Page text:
The Most Influential Streetfilm of All Time

For the last 12 weeks we’ve been counting down the most influential Streetfilms in preparation for our 10-year anniversary benefit, which is coming up on Monday. When we picked that date, we knew a long and draining election season would be over, but we did not anticipate this result. We’re looking forward to gathering with our readers and supporters to face the challenges ahead together.

Thank you everyone for supporting our work, whether it be as a reader or a contributor — we need you! On Monday, there are no sales at the door. If you’ve been meaning to buy a ticket, this is your chance. We’d love to see you.

Ciclovia: Bogotá

Number of plays: 239,000

Publish date: December 1, 2007

Why is it here? This video established Streetfilms as a leader in great media that connects with people beyond transportation wonk circles. And most importantly, it gave advocates and volunteers across the world an important resource to make the case for Ciclovia-style events in their cities. At the time we published it, there were just a handful of events like this in America. After this Streetfilm was widely shared, in 2008, nearly 20 major cities hosted open streets events. In one famous story, San Francisco’s Mayor Gavin Newsom saw the film and immediately put plans in motion for what became Sunday Streets. Ciclovias and open streets have exploded since then.

Fun fact: This was our most-viewed Streetfilm for more than six years! Although in the last 10 years I’ve made far better technical films, this one remains the nearest to my heart. It got me to develop a more in-the-moment shooting style — I literally didn’t know what we would see next.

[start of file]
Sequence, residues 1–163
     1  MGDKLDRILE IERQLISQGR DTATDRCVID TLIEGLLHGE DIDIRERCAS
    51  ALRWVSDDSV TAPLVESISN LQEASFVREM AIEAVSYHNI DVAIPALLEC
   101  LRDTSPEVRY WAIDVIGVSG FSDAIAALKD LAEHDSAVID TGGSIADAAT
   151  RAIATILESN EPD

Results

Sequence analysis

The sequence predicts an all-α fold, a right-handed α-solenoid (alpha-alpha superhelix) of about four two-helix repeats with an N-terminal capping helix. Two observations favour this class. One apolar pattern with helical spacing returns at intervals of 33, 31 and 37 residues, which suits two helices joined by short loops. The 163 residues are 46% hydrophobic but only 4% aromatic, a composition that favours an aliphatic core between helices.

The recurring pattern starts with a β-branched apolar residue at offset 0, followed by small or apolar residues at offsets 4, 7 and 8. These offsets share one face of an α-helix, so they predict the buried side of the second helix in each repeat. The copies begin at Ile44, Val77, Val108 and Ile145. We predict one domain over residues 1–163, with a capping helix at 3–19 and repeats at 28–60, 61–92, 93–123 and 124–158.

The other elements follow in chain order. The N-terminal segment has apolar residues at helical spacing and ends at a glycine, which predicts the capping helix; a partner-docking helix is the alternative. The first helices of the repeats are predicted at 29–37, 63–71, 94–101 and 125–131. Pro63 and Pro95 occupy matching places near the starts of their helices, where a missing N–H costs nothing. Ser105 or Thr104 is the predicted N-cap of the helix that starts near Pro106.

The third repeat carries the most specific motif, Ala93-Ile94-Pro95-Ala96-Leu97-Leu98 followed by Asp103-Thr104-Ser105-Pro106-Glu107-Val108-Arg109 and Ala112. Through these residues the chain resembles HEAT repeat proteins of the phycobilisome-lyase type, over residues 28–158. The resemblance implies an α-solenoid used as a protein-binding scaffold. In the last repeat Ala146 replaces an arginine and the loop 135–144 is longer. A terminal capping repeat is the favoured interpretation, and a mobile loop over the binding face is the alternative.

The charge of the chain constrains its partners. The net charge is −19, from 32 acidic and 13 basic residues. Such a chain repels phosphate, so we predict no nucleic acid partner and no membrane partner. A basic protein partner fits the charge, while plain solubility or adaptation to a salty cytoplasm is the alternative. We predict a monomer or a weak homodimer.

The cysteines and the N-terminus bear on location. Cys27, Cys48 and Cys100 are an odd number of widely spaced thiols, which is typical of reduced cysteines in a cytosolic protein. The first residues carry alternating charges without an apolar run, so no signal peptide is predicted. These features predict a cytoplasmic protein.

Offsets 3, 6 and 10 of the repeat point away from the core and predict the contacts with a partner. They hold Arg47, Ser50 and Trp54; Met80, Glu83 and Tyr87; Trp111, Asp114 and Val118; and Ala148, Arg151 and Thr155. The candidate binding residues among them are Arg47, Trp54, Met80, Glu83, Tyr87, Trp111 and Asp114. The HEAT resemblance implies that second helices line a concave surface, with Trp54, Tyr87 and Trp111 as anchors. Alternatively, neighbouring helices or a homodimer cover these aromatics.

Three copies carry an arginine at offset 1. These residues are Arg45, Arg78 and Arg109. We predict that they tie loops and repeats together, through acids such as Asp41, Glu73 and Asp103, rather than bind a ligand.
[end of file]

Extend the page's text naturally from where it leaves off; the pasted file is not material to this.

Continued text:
I had such a wonderful time on this trip with Aaron Naparstek, Karla Quintero, Ethan Kent — plus the indefatigable Gil Peñalosa, without whose help this film would never have happened. And this is the kicker: One late night stuck in my hotel room, I decided to join match.com and met my future wife that very night!

The Streetfilms Countdown:

#12: Lakewood, Ohio: The Suburb Where Everyone Can Walk to School

#11: Mark Gorton Interviews Enrique Peñalosa

#10: Zurich: Where People Are Welcome and Cars Are Not

#9: Sneckdowns

#8: Complete Streets: It’s About More Than Bike Lanes

#7: Park(ing) Day

#6: NYC Streets Metamorphosis

#5: Bogotá BRT/Transmilenio

#4: Groningen: The World’s Cycling City

#3: The Case for Physically Separated Bike Lanes

#2: Cycling Copenhagen, Though North American Eyes

#1: Ciclovia: Bogotá

ALSO ON STREETSBLOG

The 10th Most Influential Streetfilm of All Time

|
With the 10-year benefit for Streetsblog and Streetfilms coming up on November 14 (get your tickets here!), we are counting down the 12 most influential Streetfilms of all time, as determined by the impresario himself, Clarence Eckerson Jr. If you’re just tuning in, catch up on #12 (Lakewood, Ohio: The Suburb Where Everyone Can Walk […]

Summer Streets: The Wait Is Over

|
Well, almost over. It’s been two and a half months since we first heard that some sort of Ciclovia-style event was coming to New York. Tomorrow, Summer Streets will finally be upon us. To build up the anticipation just a bit more, we’re re-posting this classic from the Streetfilms archive. The spectacle of a 6.9-mile […]

Streetfilm: Grading Your Bike Locks, Part II

|
Here’s some levity for a dreary Monday — and an appropriate way to kick off bike month. Following up on a video from 2003, Streetfilms’ Clarence Eckerson recently took to the streets with bike mechanic Hal Ruzal of Bicycle Habitat, checking up on how effective city cyclists are in securing their rigs. Writes Clarence: As […]

The 12 Most Influential Streetfilms of All Time: Number 11

|
With the 10-year benefit for Streetsblog and Streetfilms coming up on November 14 (get your tickets here!), we are counting down the 12 most influential Streetfilms of all-time, as determined by the impresario himself, Clarence Eckerson Jr. This week: Streetsblog publisher Mark Gorton sits down with Enrique Peñalosa, then-former and current mayor of Bogota. Mark […]